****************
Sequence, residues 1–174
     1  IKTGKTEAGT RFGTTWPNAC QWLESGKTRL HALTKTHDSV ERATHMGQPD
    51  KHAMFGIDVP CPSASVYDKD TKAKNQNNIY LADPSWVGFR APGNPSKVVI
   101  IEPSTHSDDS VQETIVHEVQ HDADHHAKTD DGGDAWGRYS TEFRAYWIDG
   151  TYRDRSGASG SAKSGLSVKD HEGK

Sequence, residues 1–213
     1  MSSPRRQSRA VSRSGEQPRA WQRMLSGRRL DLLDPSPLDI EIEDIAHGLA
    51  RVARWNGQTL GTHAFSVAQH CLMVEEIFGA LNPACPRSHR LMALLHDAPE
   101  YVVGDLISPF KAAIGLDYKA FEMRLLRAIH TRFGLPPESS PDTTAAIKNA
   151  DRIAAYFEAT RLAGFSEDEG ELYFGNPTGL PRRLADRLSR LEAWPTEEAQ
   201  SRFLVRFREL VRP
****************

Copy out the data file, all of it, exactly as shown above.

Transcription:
Sequence, residues 1–174
     1  IKTGKTEAGT RFGTTWPNAC QWLESGKTRL HALTKTHDSV ERATHMGQPD
    51  KHAMFGIDVP CPSASVYDKD TKAKNQNNIY LADPSWVGFR APGNPSKVVI
   101  IEPSTHSDDS VQETIVHEVQ HDADHHAKTD DGGDAWGRYS TEFRAYWIDG
   151  TYRDRSGASG SAKSGLSVKD HEGK

Sequence, residues 1–213
     1  MSSPRRQSRA VSRSGEQPRA WQRMLSGRRL DLLDPSPLDI EIEDIAHGLA
    51  RVARWNGQTL GTHAFSVAQH CLMVEEIFGA LNPACPRSHR LMALLHDAPE
   101  YVVGDLISPF KAAIGLDYKA FEMRLLRAIH TRFGLPPESS PDTTAAIKNA
   151  DRIAAYFEAT RLAGFSEDEG ELYFGNPTGL PRRLADRLSR LEAWPTEEAQ
   201  SRFLVRFREL VRP